Can obesity limit antiarrhythmic drug effectiveness?
Atrial fibrillation, also known as AFib, is the most common type of irregular heartbeat, and it is associated with increased mortality. While researchers have identified a causal link between obesity and AFib, the underlying mechanism of how obesity contributes to the heart arrhythmia is still unknown.
A new study from researchers at the University of Illinois at Chicago is the first to show that some antiarrhythmic medications used to treat AFib are less effective in patients who are obese. The results of this study, which followed more than 300 patients in the UIC AFib Registry, are published in JAMA Cardiology.
According to UIC's Dr. Dawood Darbar, senior author on the study, response to current antiarrhythmic drug treatment for AFib is highly variable and unpredictable, and medication selection depends on the treating physician. There are no guidelines to suggest whether Class I drugs—which work on sodium channels in the heart to regulate heartbeat—or Class III drugs —those that target potassium channels—work best in which patients. Previously, it was assumed that both antiarrhythmic drugs were equally effective in preventing reoccurrences of AFib.
In the new study, Darbar and his colleagues have shown that Class I drug treatment showed increased rates of AFib reoccurrences in obese patients compared with nonobese patients—approximately 30% of obese patients had AFib reoccurrence, compared with only 6% of nonobese patients. This effect was not seen among patients treated with Class III drugs.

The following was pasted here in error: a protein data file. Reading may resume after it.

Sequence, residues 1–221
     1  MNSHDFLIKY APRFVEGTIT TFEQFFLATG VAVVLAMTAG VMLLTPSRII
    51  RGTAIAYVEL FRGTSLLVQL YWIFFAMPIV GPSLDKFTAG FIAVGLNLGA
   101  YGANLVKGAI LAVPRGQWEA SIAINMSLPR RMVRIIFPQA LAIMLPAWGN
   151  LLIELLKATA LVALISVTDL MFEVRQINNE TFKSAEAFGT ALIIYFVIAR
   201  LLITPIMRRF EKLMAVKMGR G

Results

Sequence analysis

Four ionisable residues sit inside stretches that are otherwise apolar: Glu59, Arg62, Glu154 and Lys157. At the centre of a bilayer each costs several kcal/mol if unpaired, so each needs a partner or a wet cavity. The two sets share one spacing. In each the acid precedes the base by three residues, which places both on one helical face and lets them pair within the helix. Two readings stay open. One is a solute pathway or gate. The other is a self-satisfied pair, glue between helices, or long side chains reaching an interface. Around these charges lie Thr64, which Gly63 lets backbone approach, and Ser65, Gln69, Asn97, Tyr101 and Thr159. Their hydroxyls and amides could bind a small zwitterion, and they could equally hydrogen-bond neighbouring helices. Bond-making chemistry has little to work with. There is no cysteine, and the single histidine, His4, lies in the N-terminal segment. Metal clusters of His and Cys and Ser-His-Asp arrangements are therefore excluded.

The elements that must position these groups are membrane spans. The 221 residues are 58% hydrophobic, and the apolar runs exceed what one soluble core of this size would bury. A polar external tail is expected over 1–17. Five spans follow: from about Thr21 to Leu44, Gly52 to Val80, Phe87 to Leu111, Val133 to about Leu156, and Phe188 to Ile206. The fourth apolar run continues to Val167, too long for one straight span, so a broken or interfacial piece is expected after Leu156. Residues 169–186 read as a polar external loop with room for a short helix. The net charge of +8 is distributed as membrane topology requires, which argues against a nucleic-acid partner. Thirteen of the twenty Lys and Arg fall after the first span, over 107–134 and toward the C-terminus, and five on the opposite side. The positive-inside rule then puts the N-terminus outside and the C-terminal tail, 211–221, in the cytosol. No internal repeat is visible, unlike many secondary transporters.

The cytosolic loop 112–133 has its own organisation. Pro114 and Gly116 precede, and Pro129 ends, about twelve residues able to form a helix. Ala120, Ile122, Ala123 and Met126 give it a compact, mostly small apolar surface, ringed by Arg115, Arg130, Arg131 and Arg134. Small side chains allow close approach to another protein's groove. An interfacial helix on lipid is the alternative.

Similar results were replicated in a study of obese and nonobese mice.
"This is the first time anyone has shown that there is a differential response to antiarrhythmic drugs for AFib," said Darbar, professor and head of cardiology at the College of Medicine. "As 50% of the patients in our AFib Registry are obese, this provided us with a unique opportunity to determine whether obesity affected response to drug treatment for AFib. Our study provides new information that physicians can use to guide their decisions for obese patients with AFib.
"This may particularly impact the health of ethnic minorities who are more likely to experience obesity," he said.
More than 50% of the obese patients in the study were part of an ethnic minority group. While the prevalence of AFib is low in ethnic minority populations, their outcomes are graver.
"With the obesity epidemic increasing, it leaves these populations at risk," Darbar said. "Having treatment options to better manage AFib would greatly improve quality of life and could prevent the risk of serious complications, like stroke, which can cause early death."
Darbar and his colleagues ultimately hope to uncover the underlying mechanism of how obesity hinders Class I antiarrhythmic drugs and find new and targeted AFib treatment options.